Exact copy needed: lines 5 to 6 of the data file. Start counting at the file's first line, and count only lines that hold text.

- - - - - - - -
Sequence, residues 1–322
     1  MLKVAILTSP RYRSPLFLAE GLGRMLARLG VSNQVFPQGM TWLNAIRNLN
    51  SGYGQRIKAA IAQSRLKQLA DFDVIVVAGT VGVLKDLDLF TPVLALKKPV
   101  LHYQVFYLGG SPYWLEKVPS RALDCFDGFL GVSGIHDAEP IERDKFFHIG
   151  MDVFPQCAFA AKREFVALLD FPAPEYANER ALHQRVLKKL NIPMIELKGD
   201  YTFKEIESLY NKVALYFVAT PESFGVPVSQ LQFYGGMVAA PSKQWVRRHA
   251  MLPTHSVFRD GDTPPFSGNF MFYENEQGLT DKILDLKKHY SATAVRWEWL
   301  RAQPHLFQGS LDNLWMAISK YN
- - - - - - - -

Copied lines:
   151  MDVFPQCAFA AKREFVALLD FPAPEYANER ALHQRVLKKL NIPMIELKGD
   201  YTFKEIESLY NKVALYFVAT PESFGVPVSQ LQFYGGMVAA PSKQWVRRHA